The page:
The Eyes of a Quilter

Check out Maryellen's Etsy shop (link at the bottom) to see her artworks.

I was in my late 20s when I started noticing the shadows on letters.  I had worn contacts for about 10 years at that point, and my vision kept getting worse.  Finally they referred me to a cornea specialist and I was diagnosed with keratoconus.  I did lots of research at that time, and realized I would need to adapt my life to work around the challenges.


I love to sew, and could no longer see to thread the needle.  Or there were 2 eyes and 2 threads.  I discovered sewing machines with built in threaders, and got really good at using regular needle threaders for hand work.  I was also teaching, and was leader of song at church, and played guitar.  I learned to not look at the back of the church, because it took longer to adjust focus back on the music stand.  Night driving became an issue, but if I knew the road well, I adapted.

Corneal hydrops
Over the years, RGP lenses were enough, until the summer of 2013, when I developed a hydrops in my left eye, and could not wear the lens.  A hydrops is basically fluid from the back of the eye coming to the front, and getting trapped in the space below the cornea.  It's like looking through a semi-sheer curtain.  You can see shadows, and the hints of colors, but no details.

Luckily, I was eligible for insurance, which covered the needed cornea transplant for the left, and a new RGP lens for the right eye.  All along, as the KC progressed in the left eye, a transplant was an option, so I was fairly prepared when I was told it was now mandatory. In January of 2014, I had a full cornea transplant, and the procedure went very well.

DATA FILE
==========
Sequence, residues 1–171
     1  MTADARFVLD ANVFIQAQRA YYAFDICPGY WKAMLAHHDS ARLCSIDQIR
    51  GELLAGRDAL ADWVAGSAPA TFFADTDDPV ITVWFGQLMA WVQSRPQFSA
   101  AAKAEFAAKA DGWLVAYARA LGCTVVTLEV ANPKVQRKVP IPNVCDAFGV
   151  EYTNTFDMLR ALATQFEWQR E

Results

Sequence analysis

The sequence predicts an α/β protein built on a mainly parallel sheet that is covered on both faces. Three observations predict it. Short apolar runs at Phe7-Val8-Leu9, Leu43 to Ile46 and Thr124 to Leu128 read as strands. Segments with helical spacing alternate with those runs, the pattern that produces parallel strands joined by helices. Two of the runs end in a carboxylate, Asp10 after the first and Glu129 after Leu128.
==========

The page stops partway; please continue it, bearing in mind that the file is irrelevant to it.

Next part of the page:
I was amazed that I could actually see lights without halos, just after 2 days.  After a year of suture removal, and once a day steroid drops, I was fitted for a Scleral lens for the left eye.  What an amazing thing, to go from basically no vision in that eye, to 20/30, because of wonderful doctors and an amazing lens!

I've lived in the NE Pa region for 27 years, and noticed some mountains for the first time.  I went to the movies for the first time in about 8 years.  I was no longer afraid to travel new roads and see towns I hadn't visited.  I started doing craft shows, selling the quilts I've been making (and my quilting improved, because I could see the details better, too).

Then I developed a fast growing cataract, which made the correction with the lens back to 20/70 and worse.  September 3, 2015, I had laser surgery to remove that cataract, and got an implanted lens.  Today, October 14, I got the first new Scleral lens for the left eye.  It still needs tweaking, but I'm so glad I can see again.  I can actually read street signs, and plan to go to the movies soon.  I have a whole new bucket list of things that require good distance vision.  Like a Broadway show, going to the Planetarium, and lots of movies, and driving cross-country.

My advice is to find good doctors who work as a team to make sure you have the best comfort and correction.  Keep your lenses clean, use the products the right way, and don't rub your eyes.  Keratoconus is a challenge, but you can enjoy many things when your doctors are great.  It's about adapting, and staying positive, and finding great doctors.

The above story was shared by Maryellen McAuliffe.
Check out Maryellen's Etsy shop to see her artworks.

4 comments:

  1. Thank heavens for medical progress! Good doctors are a blessing too!

    ReplyDelete
  2. Thank you for sharing your story, recommendations and encouragement to others. While I wish I had a magic wand to make all the challenges you have had to go thru disappear, as well as stop them to happen for others, your words of encouragement are inspirational. Big hug.

    QuiltShopGal
    www.quiltshopgal.com

    ReplyDelete
  3. This comment has been removed by a blog administrator.

    ReplyDelete
  4. So sorry you've had to deal with this, but it seems like you and your medical team are making progress. Keep up the great quilting work!

    ReplyDelete